On Europe, snow may fall from the bottom up

Ice can form in ocean water, similar to snow rising up. Scientists studying it say that the same thing can happen on Jupiter’s moon Europa. There it can make the ice crust much cleaner.

Underwater snow. Source: Helen Glazer

Icy world upside down

Whole mountains can grow down from the icy crust of Europe. And the snow in its ocean is able to “fall” from the bottom up, creating a bizarre world in which everything seems upside down. This was reported by scientists from the Institute of Geophysics at the University of Texas, studying the formation of exotic types of ice on Earth.

Their attention was attracted by the phenomena observed under the ice shelves on Earth. There, in the conditions of supercooled water, two exotic types of ice are formed. The first of them seems to stick from below to the surface of the glacier, forming peculiar mountains on it, as if they grow upside down.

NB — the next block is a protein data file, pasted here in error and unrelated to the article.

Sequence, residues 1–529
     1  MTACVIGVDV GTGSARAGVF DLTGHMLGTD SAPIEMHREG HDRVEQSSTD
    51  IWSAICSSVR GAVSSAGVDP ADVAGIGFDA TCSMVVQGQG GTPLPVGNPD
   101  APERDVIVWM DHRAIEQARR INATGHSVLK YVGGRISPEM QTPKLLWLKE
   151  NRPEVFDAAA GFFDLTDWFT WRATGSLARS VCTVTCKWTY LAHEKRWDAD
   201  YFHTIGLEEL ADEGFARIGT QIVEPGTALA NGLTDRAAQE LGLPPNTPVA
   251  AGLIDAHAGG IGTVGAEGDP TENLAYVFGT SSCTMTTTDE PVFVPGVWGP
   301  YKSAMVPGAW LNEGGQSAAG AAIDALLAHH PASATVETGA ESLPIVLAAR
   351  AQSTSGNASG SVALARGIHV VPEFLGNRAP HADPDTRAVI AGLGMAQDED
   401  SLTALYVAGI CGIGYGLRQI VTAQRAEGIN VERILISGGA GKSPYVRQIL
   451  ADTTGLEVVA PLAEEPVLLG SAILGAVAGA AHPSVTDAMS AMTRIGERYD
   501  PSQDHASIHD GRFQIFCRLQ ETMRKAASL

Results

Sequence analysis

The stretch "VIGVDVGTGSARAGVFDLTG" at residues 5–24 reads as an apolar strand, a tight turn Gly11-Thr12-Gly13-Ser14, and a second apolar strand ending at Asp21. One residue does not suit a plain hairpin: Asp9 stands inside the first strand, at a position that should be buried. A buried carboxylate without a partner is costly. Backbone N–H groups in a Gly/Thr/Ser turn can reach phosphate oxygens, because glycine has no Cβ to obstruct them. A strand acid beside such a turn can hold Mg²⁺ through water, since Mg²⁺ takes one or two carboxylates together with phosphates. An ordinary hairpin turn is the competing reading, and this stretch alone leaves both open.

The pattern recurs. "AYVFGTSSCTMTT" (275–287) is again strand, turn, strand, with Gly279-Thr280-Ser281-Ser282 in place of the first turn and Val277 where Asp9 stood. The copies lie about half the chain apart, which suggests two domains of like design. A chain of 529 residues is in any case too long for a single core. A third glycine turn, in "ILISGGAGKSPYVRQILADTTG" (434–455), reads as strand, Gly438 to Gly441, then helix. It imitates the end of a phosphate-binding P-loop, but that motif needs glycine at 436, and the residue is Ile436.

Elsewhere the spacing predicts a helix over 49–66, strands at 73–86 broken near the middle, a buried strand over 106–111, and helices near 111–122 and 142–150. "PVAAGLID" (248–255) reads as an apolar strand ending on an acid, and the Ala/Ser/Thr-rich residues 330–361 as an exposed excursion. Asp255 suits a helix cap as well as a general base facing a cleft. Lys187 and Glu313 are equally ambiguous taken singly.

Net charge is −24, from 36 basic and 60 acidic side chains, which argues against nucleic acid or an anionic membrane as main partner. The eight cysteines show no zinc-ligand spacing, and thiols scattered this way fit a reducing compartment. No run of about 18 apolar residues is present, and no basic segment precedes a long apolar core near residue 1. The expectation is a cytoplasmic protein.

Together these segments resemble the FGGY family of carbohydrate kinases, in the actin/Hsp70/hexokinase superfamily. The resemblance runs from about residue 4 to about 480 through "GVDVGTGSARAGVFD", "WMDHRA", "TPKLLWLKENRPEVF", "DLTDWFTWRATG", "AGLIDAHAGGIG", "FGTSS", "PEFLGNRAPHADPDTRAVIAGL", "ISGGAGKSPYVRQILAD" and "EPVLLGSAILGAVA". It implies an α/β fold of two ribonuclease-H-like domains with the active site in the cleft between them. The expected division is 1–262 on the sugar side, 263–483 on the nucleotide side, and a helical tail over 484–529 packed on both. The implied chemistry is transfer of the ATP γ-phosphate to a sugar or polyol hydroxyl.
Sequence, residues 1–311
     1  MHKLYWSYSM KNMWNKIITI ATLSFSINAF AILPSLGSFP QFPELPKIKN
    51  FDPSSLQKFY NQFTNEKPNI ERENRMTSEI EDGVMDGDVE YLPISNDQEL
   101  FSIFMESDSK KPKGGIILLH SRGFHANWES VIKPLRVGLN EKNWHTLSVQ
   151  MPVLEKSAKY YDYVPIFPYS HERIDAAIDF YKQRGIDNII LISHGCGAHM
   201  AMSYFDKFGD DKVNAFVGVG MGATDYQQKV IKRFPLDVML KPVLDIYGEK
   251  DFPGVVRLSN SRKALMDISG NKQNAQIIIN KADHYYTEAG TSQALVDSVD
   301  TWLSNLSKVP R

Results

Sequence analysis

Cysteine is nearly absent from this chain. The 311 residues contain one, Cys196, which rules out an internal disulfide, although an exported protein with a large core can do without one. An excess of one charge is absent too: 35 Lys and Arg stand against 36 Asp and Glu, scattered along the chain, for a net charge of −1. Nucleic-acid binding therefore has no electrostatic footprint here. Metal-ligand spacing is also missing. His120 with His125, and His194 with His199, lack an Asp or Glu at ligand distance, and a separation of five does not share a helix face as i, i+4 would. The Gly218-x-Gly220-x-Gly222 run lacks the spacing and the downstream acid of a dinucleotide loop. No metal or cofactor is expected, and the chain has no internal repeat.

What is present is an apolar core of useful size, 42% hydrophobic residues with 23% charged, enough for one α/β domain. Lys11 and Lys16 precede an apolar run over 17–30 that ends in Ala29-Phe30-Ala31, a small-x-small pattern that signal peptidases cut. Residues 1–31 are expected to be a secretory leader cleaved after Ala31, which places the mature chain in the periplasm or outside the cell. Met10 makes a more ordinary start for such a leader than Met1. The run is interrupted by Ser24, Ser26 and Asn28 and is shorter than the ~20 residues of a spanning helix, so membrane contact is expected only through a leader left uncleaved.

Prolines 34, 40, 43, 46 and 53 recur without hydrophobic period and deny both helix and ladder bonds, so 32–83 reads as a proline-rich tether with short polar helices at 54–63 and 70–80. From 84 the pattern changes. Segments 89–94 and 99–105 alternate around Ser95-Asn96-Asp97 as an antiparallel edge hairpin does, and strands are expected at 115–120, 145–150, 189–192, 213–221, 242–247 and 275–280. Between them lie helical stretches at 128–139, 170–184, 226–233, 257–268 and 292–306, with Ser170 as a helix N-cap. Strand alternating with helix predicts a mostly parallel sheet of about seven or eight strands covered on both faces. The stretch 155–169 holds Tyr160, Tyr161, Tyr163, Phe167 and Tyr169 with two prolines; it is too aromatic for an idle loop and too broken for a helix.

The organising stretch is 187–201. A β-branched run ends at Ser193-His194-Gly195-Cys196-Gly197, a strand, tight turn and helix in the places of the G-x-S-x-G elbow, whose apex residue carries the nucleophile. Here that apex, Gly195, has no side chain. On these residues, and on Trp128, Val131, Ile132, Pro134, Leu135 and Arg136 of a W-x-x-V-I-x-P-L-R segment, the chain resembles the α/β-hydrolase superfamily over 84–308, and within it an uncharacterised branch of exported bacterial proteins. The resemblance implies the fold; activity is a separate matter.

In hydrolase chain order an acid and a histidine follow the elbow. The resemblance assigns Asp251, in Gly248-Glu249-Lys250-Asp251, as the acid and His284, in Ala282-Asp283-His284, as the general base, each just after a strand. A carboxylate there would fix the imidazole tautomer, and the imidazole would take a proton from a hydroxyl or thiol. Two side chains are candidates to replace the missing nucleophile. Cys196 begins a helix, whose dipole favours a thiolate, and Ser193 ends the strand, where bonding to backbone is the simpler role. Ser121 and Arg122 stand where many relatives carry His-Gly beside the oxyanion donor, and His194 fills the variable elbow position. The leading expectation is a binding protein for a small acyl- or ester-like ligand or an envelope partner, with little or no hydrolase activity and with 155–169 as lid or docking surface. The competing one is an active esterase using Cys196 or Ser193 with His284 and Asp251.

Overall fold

The second type is formed directly in the water column. In its structure, it resembles snow and consists of water, in which there is practically no salt. Since fresh water is much lighter than salt water, the Archimedes force begins to push out these particles and a situation arises when it seems to be snowing under water, but from the bottom up.

Snow on Europe

Scientists already know that the pressure in the ocean, which is hidden under the icy crust of Jupiter’s moon Europa, is about the same as under the ice shelves on Earth. But how salty its ocean is remains unknown.

Recent studies show that Europa’s ice can permeate cavities that supply its depths with oxygen. This significantly increases the probability of the existence of this life partner. But if the salinity of the ocean and ice turns out to be too high, it will no longer matter.

So far, ice mountains, on which ice mountains, on which snow falls from the bottom up, remain a theory. The Europa Clipper device will help confirm or deny their existence. It will be equipped with a radar that will look into the depths of the ice sheet.

According to phys.org

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